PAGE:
- Becoming a specialist in a field such as cardiac nursing, geriatrics or trauma
- Being certified by the American Nurses Credentialing Center or the American Association of Critical Care Nurses
- Obtaining an advanced degree to become an advanced practice registered nurse
- Taking on a nursing management position at a new or growing medical practice
Take some time to think about your career objectives before writing a resume or going in for an interview.
Including Career Objectives on Your Resume
Putting your goals and objectives into words can be harder than you think, but it forces you to clarify your nursing career goals. If you include career objectives on your resume, consider the position you are applying for. You want to let an employer know succinctly and directly why you are the best person for the job and what you hope to achieve at the position in the long term.
When you apply for jobs early in your career, your nursing career goals and objectives may lean toward just getting a job. In this case, you want to indicate the strengths you can offer as a new nurse and what you want to achieve at that particular employer.
Empathic and dedicated nurse looking for a position at a hospital with a specialty in pediatric care. Completing nursing degree with pediatric certification in the fall.
Tireless and caring professional seeks opportunity at a clinic for geriatric medicine.
If you are an experienced nurse, your goals and objectives are likely to look at bit different. You should play up your experience and show how you can apply it to the position you’re seeking.
Experienced and compassionate nurse looking to apply more than 15 years of knowledge to a teaching position at a local university.
Seeking to apply my management and administrative skills to a nurse management position. Graduating with a certificate in management in the summer.
Answering Questions About Career Objectives
When interviewing for a nursing position, you should have answers about your nursing career goals that are more detailed than those listed on your resume. If you have nursing experience, be prepared to highlight it with details about your strengths and weaknesses. Discuss any training and certification you have completed or plan to do to make you more valuable in the position. Play up your experience and give specific examples of successes you’ve had.
If you’re going on interviews early in your career, you will not have nursing experience to fall back on. Let your interviewer know which courses or internships were most interesting to you during school and why. Explain why you want to go into a certain specialty and the steps you plan to take to get there. Let the employer know exactly why you want the position and how it fits into your long-term goals and objectives.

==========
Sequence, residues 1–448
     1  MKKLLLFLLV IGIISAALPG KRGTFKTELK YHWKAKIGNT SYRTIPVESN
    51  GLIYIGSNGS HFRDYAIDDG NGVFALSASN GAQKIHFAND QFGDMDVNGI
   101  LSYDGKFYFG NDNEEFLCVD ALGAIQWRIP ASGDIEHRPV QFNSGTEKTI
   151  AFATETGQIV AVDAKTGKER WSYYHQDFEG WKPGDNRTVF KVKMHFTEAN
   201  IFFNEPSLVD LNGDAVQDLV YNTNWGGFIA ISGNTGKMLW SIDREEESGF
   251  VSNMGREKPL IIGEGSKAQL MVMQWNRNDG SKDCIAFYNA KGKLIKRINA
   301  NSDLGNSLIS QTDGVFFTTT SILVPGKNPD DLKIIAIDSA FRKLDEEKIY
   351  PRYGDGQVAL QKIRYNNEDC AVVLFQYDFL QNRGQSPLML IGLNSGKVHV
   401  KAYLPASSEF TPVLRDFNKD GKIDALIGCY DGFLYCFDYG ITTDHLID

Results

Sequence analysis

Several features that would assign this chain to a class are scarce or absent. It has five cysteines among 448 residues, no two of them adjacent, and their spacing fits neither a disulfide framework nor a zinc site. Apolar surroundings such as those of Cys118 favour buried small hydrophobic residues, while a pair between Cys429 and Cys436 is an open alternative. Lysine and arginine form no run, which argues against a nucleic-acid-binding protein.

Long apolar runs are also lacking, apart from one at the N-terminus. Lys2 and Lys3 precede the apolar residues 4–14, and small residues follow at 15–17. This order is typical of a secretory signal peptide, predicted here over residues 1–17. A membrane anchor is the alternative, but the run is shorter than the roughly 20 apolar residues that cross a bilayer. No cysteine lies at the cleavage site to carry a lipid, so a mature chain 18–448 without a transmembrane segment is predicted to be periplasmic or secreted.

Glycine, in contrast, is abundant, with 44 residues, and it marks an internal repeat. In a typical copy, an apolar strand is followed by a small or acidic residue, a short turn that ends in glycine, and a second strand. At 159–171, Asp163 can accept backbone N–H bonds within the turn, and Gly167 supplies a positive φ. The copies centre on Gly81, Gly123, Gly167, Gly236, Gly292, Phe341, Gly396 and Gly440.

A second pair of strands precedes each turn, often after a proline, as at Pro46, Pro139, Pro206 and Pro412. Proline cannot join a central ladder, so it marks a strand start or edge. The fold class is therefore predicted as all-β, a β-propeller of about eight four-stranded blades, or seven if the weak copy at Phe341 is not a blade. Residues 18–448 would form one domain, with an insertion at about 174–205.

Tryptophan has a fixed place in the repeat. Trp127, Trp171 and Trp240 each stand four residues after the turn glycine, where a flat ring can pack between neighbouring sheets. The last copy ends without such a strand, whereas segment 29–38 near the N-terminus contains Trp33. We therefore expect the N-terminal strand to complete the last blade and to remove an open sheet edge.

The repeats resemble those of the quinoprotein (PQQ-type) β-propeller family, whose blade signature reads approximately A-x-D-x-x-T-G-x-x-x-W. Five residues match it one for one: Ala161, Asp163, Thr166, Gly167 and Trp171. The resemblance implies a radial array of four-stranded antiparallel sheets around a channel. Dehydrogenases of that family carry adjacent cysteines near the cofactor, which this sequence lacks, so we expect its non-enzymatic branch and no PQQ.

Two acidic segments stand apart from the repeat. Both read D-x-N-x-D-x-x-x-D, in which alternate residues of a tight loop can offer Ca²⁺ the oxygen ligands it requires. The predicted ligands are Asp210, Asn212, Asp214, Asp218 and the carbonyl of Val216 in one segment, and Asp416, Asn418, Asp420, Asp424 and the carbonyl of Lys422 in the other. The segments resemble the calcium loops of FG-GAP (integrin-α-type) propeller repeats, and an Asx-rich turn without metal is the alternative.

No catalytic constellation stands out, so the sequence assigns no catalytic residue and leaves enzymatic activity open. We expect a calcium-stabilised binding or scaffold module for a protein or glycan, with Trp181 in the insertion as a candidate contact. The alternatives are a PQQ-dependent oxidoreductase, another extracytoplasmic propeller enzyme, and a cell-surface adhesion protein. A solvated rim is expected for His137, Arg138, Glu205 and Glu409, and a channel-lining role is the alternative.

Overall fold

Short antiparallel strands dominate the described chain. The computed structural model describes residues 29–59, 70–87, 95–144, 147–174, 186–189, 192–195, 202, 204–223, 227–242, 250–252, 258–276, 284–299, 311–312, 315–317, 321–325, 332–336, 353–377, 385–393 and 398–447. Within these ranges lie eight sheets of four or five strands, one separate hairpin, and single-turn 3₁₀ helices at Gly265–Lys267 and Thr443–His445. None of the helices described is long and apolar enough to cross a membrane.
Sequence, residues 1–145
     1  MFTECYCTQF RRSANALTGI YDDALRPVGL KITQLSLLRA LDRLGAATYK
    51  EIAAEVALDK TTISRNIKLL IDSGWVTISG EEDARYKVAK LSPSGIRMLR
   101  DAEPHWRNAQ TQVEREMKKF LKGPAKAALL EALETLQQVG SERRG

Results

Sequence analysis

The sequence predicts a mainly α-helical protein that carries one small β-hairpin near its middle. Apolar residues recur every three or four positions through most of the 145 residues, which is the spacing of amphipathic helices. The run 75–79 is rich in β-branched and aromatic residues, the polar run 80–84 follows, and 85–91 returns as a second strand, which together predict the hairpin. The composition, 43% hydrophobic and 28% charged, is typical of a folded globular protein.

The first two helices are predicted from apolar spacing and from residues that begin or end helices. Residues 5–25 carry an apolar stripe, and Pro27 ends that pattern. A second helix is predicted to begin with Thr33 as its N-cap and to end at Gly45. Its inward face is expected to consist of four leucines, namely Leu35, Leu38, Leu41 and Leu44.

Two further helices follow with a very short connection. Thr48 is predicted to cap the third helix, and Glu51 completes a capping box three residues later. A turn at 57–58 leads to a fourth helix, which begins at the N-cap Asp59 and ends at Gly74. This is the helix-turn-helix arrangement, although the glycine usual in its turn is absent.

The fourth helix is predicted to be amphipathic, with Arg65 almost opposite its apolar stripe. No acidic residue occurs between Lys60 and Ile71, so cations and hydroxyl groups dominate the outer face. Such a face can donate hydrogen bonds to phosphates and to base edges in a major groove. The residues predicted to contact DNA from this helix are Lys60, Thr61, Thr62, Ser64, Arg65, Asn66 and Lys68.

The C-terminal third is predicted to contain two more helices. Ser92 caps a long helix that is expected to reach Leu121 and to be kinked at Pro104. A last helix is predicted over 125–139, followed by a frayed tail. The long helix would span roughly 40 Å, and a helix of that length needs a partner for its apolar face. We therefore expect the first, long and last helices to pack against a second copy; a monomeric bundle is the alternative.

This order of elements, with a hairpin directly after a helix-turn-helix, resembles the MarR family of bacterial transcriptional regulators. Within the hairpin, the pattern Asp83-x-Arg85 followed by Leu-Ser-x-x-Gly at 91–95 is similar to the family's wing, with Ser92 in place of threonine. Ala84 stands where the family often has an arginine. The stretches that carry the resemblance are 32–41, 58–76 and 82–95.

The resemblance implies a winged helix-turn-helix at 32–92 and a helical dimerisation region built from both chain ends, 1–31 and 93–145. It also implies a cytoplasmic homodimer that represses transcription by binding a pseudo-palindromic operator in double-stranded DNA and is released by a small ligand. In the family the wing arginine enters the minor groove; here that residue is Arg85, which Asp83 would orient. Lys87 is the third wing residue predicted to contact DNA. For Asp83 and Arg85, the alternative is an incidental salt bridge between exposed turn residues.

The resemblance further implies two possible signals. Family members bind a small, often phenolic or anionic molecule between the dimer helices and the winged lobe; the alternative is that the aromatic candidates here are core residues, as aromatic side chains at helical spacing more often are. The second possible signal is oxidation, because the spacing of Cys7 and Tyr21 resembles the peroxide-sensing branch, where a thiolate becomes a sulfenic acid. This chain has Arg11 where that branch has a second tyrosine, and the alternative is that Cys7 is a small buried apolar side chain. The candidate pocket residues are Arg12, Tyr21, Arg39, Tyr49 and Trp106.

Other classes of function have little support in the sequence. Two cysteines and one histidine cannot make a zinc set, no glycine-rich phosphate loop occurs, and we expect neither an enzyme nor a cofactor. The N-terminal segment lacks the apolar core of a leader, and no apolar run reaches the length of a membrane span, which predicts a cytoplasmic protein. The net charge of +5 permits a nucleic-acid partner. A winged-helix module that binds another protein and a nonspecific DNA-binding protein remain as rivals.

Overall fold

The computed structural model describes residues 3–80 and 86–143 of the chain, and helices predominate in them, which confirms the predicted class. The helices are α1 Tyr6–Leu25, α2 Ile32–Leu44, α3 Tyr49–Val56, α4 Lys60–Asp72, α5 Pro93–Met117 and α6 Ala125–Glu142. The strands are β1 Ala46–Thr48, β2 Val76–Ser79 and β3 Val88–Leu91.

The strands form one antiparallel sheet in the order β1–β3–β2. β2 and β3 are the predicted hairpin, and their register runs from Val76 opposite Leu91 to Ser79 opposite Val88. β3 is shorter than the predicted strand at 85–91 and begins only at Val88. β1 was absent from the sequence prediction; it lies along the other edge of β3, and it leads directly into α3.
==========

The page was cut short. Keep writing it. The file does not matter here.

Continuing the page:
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Leslie Bloom is a Los Angeles native who has worked everywhere from new start-ups to established corporate settings. In addition to years of business and management experience, she has more than 20 years of experience writing for a variety of online and print publications. She holds degrees in both journalism and law.
To maintain your life balance as a DNP student, it will be important to establish daily, weekly and monthly goals. Your new “multitasking life” as a student, employee and family member will be hectic and stressful and goal setting will be essential to supporting your success.
In addition to your work, family and school commitments, you will be challenged in your new clinical practice setting. This is an anxiety producing time for you as you challenge yourself with new content, patient assignments and clinical paperwork. Stress management and self-care are essential during this time as you begin your coursework and develop in your clinical practice.
Balancing provides you with the ability to continually prioritize your workload and maintain self-motivation as you work on achieving your personal and professional goals. It also provides for those unexpected times when you need to add on an assignment, workday or event.